1. The minor defendant in this case with his mother as guardian, and his two uncles, one of whom is Narasimhamurti, P.W. 3, effected a partition of their immovable property in October, 1930. As one of the terms of that partition, and in order to equalise the shares of the three members of the family, it was arranged that P.W. 3 should pay off all the family debts and that the other two should execute promissory notes in his favour for Rs. 1,500 and Rs. 700, respectively. Accordingly defendant's mother executed the suit promissory note in favour of P.W. 3 for Rs. 700 on the same day. This note was transferred by P.W. 3 to the plaintiff, who has now sued the defendant upon it.
2. The main defence raised was that the minor defendant is not liable upon the pronote. In order to meet that defence it was necessary for plaintiff to prove that the pronote was executed for necessity. To prove this he called P.W. 3, who spoke to the terms of the partition. In cross-examination he admitted that there were unregistered partition lists in existence. The lower Court held that these lists were inadmissible in evidence and consequently that there was no valid partition, no valid debt binding upon the defendant. Against this decision plaintiff has filed the present Civil Revision Petition.
3. I am unable to agree with the language in which the lower Court has formulated its decision. It is well settled, that there can be a valid partition without any document at all. See Ram Gopal v. Tulshi Ram I.L.R. (1928) All. 79. But the real question is whether plaintiff is debarred from proving the terms of this partition once the existence of the unregistered partition-lists is established. If he cannot prove those terms, he cannot prove the necessity for the defendant's guardian to execute the pronote and he must fail. Not without reluctance I have come to the conclusion that the lower Court's decision is right.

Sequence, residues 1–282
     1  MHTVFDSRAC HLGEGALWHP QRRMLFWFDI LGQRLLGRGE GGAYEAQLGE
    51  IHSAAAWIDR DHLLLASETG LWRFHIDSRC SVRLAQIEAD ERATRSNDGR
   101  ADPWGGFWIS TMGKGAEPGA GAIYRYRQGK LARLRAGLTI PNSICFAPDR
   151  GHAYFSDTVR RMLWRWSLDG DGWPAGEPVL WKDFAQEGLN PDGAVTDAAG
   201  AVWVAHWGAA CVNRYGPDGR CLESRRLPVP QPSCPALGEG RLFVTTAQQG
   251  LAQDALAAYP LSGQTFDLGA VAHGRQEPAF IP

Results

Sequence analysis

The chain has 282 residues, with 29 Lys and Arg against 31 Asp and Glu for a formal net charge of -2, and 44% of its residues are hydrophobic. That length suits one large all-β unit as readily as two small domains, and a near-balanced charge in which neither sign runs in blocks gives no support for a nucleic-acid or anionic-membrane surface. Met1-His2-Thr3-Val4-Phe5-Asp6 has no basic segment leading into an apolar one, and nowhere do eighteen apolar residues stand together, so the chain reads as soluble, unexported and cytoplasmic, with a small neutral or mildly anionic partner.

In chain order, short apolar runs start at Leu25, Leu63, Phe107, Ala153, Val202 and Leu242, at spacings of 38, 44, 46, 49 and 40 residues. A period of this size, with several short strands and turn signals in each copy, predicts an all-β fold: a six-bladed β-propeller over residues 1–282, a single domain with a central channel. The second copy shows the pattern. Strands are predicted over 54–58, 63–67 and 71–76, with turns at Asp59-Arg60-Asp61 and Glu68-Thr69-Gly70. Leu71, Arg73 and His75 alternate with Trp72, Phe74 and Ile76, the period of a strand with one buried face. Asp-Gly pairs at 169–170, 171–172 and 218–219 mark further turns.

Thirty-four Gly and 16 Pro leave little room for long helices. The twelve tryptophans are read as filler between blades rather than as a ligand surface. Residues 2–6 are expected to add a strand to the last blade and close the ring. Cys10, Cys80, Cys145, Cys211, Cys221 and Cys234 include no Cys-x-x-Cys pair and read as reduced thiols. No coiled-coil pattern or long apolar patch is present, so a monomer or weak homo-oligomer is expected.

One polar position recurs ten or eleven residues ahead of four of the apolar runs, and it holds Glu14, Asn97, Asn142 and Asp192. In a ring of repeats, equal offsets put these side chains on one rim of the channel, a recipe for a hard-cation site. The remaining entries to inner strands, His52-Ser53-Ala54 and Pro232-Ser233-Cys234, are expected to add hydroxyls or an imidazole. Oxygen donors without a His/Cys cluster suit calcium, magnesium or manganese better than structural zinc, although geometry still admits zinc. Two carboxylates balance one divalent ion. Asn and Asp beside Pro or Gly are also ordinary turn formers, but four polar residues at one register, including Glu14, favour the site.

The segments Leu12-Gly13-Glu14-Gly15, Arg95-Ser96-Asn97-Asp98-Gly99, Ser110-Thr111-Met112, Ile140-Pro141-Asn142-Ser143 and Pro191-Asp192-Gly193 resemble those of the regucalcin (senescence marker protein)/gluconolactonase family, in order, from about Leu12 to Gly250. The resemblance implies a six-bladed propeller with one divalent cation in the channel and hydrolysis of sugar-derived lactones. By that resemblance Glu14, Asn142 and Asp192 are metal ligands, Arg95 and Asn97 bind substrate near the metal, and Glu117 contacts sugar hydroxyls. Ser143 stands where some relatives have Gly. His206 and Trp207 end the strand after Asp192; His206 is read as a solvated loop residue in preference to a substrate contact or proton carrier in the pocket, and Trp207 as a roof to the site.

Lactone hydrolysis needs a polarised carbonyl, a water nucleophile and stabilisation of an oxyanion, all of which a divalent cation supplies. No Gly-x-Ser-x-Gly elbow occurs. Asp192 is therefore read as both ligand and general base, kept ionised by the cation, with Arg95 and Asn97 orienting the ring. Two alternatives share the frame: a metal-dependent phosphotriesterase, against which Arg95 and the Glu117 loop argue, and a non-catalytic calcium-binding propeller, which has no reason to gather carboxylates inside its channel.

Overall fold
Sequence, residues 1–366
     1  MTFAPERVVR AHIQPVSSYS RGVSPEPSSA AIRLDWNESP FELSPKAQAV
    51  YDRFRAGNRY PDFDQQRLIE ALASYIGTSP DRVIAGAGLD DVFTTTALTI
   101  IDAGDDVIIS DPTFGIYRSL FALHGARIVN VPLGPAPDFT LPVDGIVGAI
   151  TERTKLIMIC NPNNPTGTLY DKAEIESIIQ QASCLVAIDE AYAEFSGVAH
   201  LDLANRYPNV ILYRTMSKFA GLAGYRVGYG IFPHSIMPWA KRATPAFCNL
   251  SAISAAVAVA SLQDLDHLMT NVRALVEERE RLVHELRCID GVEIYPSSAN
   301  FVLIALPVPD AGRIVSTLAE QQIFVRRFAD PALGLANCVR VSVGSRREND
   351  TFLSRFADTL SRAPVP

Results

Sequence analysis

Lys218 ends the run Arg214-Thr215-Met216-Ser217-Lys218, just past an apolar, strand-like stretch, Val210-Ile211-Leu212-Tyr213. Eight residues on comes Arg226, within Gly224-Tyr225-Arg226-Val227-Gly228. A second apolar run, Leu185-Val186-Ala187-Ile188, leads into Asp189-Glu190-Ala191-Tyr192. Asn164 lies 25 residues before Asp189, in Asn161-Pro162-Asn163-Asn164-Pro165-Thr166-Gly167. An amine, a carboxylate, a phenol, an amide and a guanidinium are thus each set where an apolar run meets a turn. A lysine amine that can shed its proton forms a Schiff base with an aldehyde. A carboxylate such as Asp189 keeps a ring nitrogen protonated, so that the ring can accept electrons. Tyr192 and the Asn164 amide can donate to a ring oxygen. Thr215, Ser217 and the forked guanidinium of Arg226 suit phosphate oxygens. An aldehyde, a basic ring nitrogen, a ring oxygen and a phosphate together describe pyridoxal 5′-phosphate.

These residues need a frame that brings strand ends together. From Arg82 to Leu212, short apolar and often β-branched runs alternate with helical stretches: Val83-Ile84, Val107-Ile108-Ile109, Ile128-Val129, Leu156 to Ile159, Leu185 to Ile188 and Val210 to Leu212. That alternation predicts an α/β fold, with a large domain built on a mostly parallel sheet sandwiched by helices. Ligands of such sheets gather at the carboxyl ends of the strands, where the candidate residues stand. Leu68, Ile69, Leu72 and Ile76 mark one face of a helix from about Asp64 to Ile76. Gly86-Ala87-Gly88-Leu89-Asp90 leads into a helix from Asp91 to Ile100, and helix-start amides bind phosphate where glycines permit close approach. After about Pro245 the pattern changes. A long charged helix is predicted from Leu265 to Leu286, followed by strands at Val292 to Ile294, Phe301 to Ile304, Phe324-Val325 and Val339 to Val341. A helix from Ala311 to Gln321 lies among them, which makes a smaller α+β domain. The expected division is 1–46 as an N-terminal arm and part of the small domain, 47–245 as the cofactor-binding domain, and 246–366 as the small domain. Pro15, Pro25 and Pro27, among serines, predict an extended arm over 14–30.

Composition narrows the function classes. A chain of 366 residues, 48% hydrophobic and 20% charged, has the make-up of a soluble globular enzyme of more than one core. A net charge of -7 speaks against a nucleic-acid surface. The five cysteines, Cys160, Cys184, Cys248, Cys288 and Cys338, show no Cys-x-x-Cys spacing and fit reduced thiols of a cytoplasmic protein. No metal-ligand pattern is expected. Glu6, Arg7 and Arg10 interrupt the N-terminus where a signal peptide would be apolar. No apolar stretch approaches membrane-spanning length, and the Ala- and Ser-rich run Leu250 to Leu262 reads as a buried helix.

4. I have had a translation of one of the partition-lists before me and it is obvious from it, indeed it was not seriously challenged by petitioner's learned advocate that it is a document which requires registration under Section 17 of the Registration Act. Under Section 49 it cannot therefore be received in evidence unless it satisfies one of the conditions of the proviso. This is not a case in which plaintiff can take advantage of Section 53-A of the Transfer of Property Act, for that section relates only to the retention of immovable property of which P.W. 3 or plaintiff might be in possession. Nor do I see how the promise to pay Rs. 700 can be called a 'collateral transaction'. It is obviously one of the terms of the partition itself and Samuvier v. Ramasubba Aiyar : AIR1931Mad580 and Bhabi Dutt v. Ramalalbyamal A.I.R. 1934 Rang. 303 are clear authority for the position that though plaintiff's claim is a claim for money only, if it is part of an agreement which affects immovable property and that agreement must be regarded as 'an indivisible whole to effect a fair distribution of the assets' to quote from Samuvier v. Ramasubba Aiyar : AIR1931Mad580 plaintiff cannot be permitted to tender his unregistered document in evidence.
5. Plaintiff being thus unable to tender the partition-list in evidence, is next confronted with Section 91 of the Evidence Act which lays it down in unmistakable language that he cannot also tender any oral evidence of the terms of the partition. The result is that he can give no evidence at all of those terms and cannot prove any necessity for the execution by defendant's guardian of the pronote. This Civil Revision Petition must accordingly be dismissed with costs.